• Set up a small, well qualified team…(How small? 2 people? 20 people? How well qualified? University professors? Company experts? Graduates?)
  • Start the study early….(How early? Day 1 of the project? Day 10? After the scope has been defined?)
  • A tighter approach to quality is needed…. (Tighter than what? How tight should it be?)
You can see, in each case, the writer has something to say about team size, schedule or quality, but hasn’t really said enough for the reader to understand what to do, other than in a generic “fuzzy” way, using adjectives like “small, well, early, tighter” which need to be quantified.

In each case, the facilitator of the session or the validator of the knowledge base needs to ask additional questions. How small? How well qualified? How early? How tight?

Imagine if I tried to teach you how to bake a particular cake, and told you “Select the right ingredients, put them in a large enough bowl. Make sure the oven is hotter”. You would need to ask more questions in order to be able to understand this recipe.

Again, it comes back to Quality Control.

Any lessons management system or knowledge base suffers from garbage In, Garbage Out, and the unfortunate effect of the Curse of Knowledge is that people’s first attempt to communicate knowledge is often, as far as the reader is concerned, useless garbage.

Apply quality control to your lessons and de-fuzz the statements

View Original Source (nickmilton.com) Here.

The curse of knowledge, and stating the obvious

The curse of knowledge is the cognitive bias that leads to your Lesson Database being full of “statements of the obvious”

Obvious sign is obvious.There is an interesting exercise you can do, to show how difficult it is to transfer knowledge.

 This is the Newton tapper-listener exercise from 1990.

 Form participants into pairs. One member is the tapper; the other is the listener. The tapper picks out a song from a list of well-known songs and taps out the rhythm of that song to the listener. The tapper then predicts how likely it will be that the listener would correctly guess the song based on the tapping. Finally, the listener guesses the song.

Although tappers predicted that listeners would be right 50% of the time, listeners were actually right less than 3% of the time.

The difference between the two figures (50% and 3%) is that to the tapper, the answer is obvious. To the listener, it isn’t.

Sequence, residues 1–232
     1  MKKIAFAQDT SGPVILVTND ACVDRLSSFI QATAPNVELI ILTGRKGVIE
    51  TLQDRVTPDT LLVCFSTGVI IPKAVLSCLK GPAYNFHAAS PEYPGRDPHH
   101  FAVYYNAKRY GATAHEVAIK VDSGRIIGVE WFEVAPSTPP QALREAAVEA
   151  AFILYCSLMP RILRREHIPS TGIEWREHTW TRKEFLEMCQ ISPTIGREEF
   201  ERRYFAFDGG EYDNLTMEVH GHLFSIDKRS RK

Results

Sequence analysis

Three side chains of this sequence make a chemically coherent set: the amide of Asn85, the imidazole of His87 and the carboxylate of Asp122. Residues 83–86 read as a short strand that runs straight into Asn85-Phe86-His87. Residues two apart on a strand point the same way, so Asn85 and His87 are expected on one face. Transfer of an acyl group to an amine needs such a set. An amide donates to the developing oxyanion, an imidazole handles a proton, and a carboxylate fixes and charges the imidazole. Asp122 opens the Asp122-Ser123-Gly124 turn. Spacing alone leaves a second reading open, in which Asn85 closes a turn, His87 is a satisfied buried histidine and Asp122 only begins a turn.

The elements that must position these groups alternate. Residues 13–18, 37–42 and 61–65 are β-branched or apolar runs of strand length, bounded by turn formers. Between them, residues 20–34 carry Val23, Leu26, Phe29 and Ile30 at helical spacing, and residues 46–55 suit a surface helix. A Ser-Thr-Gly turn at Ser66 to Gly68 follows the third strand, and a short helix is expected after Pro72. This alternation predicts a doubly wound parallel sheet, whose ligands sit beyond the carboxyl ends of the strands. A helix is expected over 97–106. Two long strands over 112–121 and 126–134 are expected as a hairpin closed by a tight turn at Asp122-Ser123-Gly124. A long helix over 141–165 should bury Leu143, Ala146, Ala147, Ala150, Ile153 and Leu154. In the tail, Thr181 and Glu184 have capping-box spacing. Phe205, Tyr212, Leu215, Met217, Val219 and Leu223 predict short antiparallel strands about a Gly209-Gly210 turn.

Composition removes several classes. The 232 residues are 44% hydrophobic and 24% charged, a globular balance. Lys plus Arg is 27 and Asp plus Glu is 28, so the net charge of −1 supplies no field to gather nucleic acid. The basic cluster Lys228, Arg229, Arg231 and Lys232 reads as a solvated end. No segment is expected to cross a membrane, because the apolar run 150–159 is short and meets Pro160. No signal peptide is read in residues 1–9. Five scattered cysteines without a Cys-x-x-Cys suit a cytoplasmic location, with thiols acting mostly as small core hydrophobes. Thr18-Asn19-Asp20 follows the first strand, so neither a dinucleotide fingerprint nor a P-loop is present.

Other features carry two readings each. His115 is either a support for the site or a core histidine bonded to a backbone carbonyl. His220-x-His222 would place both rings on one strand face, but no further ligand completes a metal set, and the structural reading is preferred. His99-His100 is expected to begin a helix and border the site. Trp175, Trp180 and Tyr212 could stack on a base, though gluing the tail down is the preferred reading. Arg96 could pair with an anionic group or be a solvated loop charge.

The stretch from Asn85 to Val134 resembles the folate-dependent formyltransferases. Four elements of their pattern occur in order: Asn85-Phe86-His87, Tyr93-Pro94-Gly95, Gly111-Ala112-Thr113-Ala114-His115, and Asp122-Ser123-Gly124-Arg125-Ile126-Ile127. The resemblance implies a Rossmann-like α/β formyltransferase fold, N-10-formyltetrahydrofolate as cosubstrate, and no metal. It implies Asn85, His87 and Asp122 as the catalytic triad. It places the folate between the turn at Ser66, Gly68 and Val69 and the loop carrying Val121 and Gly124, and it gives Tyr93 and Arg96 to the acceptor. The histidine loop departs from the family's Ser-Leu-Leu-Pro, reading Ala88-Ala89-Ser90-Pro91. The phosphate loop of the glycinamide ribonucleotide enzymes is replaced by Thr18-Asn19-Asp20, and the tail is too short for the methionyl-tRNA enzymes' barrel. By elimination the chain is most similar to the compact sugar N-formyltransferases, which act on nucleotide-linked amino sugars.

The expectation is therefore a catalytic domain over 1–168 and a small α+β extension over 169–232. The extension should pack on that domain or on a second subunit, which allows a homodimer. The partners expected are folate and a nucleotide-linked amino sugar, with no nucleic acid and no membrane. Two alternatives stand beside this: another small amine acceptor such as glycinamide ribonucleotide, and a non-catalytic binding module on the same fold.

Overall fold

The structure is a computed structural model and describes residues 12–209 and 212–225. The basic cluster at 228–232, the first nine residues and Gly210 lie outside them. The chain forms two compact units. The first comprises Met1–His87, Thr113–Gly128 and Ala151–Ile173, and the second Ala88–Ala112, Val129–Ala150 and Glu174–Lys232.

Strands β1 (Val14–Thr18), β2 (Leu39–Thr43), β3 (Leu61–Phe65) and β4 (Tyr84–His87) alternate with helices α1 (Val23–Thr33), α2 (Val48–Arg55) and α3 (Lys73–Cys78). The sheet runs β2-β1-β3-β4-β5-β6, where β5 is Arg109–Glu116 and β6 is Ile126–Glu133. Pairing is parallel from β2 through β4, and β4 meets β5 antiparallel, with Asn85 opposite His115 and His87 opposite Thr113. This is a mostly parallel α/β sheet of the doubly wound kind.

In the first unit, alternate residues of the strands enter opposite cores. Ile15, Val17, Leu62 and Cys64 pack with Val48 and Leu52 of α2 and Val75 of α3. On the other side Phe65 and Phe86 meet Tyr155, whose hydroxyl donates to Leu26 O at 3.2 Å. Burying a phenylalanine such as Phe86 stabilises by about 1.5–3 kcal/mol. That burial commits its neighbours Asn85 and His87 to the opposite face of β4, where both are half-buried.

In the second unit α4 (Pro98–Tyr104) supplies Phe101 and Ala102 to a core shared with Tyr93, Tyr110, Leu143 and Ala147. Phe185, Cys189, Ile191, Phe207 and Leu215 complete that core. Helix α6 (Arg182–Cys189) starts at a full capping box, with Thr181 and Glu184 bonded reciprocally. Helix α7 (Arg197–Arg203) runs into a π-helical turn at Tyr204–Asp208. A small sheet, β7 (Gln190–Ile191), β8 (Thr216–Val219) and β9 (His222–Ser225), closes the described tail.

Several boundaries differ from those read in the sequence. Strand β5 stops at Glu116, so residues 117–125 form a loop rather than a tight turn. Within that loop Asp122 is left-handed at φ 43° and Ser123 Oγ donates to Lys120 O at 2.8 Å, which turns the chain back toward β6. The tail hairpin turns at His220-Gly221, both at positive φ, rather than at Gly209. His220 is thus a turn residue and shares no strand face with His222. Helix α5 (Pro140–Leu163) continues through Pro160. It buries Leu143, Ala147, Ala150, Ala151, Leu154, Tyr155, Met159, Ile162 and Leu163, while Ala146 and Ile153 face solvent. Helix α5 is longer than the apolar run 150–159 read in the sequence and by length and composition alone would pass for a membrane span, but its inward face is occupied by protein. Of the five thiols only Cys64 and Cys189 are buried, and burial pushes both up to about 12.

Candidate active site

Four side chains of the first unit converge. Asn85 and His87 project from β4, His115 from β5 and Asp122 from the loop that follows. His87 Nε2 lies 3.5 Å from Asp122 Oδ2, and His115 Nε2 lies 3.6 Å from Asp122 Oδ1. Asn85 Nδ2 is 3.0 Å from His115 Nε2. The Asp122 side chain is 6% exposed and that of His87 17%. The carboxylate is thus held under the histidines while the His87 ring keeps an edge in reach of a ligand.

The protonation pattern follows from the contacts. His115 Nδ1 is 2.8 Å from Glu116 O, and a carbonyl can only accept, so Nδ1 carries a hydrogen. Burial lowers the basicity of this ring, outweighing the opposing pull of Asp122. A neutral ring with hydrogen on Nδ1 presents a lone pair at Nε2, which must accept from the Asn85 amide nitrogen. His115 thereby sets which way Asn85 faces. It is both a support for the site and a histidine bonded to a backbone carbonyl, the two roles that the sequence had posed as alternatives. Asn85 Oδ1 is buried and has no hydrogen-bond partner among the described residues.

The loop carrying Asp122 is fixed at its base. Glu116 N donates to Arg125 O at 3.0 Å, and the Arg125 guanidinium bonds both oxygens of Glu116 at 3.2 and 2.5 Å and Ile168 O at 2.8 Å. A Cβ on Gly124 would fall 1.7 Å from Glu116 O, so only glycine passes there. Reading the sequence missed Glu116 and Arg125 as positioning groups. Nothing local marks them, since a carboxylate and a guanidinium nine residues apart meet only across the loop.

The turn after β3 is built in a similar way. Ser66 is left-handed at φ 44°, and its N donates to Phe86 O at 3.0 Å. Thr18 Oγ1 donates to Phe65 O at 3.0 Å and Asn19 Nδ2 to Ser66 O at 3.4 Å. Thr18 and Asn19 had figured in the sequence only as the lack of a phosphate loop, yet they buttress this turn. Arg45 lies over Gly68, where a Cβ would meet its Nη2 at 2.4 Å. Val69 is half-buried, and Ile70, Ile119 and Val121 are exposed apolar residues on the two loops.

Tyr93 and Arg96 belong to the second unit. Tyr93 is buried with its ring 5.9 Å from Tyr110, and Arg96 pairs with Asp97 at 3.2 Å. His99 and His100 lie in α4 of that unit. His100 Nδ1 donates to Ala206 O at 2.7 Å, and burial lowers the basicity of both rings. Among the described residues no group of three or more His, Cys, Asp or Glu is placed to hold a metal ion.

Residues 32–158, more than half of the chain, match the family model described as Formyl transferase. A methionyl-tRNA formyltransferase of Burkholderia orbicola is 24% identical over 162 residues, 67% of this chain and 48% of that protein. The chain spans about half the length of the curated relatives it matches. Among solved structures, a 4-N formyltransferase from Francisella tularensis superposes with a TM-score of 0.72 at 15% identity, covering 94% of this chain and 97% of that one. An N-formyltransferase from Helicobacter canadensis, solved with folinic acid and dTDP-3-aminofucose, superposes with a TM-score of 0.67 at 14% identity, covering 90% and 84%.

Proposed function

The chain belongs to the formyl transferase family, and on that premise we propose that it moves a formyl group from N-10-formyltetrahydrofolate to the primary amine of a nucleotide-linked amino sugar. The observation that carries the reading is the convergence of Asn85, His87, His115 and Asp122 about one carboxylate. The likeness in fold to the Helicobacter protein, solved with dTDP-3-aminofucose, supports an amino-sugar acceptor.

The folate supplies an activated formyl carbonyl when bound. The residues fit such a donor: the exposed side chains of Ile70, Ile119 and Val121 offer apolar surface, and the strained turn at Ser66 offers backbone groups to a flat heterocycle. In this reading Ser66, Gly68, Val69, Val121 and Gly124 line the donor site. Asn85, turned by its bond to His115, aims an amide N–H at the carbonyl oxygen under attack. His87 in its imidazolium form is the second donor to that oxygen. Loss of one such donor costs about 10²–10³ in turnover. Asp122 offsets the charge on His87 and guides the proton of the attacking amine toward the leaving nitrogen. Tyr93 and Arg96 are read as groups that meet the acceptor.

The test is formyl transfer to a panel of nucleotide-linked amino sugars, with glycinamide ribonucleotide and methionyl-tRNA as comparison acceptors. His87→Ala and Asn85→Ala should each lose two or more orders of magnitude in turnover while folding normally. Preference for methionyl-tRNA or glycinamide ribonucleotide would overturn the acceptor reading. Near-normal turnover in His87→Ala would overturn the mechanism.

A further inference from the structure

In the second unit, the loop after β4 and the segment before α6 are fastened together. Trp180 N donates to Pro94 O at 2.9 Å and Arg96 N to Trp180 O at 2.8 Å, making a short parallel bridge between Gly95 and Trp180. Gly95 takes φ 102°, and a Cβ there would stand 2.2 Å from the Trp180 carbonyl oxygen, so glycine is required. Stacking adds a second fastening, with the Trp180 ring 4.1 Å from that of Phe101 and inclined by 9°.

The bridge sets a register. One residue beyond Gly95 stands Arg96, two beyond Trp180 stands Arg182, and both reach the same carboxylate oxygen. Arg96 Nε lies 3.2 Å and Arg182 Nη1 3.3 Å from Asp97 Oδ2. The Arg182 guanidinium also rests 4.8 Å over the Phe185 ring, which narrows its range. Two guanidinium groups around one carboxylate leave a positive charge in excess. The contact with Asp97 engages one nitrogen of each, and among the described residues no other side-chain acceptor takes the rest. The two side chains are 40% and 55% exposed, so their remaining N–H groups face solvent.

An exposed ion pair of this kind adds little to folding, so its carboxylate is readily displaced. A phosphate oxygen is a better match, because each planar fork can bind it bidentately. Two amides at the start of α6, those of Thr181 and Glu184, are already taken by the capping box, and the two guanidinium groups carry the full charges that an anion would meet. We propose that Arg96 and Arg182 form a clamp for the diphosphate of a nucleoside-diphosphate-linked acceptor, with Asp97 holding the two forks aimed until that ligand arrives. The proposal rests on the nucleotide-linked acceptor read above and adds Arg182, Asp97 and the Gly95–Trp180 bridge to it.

This is the “curse of knowledge“.

Once we know something—say, the melody of a song—we find it hard to imagine not knowing it. Our knowledge has “cursed” us. We have difficulty sharing it with others, because we can’t readily re-create their state of mind, and we assume that what is clear to us, is clear to them.

Transferring knowledge through the written word (for example in lessons learned, or in online knowledge bases) suffers from the same problem as transferring a song by tapping. People THINK that what they have written conveys knowledge, because they can’t put themselves in the mind of people who don’t already have that knowledge.

Just because they understand their own explanations, that does not mean those explanations are clear to he reader.

This effect can be seen in written knowledge bases and lessons databases, and often appears as Statements of the Blindingly Obvious (SOTBOs).

These are statements that nobody will disagree with, but which carry obviously carry some more subtle import to the writer which the reader cannot discern. These include statements like

  • “It takes time to build a relationship with the client” (Really? I thought it was instantaneous). 
  • “A task like this will require careful planning”. (Really? I thought careless planning would suffice)
  • “Make sure you have the right people on the team.” (Really? I thought we could get away with having the wrong people)
  • Ensure that communication and distribution of information is conducted effectively. (Really? I thought we would do it ineffectively instead)
The writer meant to convey something important through these messages, but failed completely. Why is this? Often because the writer had no help, no facilitation, and was not challenged on the emptiness of their statements.

In each case, any facilitator which had been involved in the capture of the knowledge, or any validator of the knowledge base, would ask supplementary questions:

  • How much time does it take? 
  • What would you need to do to make the planning careful enough? 
  • What are the right people for a job like this? 
  • What would ensure effective communication?
This further questioning is all part of the issue of knowledge quality assurance, to filter unhelpful material out of the knowledge base, or lessons management system, and to turn an unintelligible set of taps into a full tune.

Without this, people rapidly give up on the knowledge base as being “unhelpful”, and full of SOTBOs.

View Original Source (nickmilton.com) Here.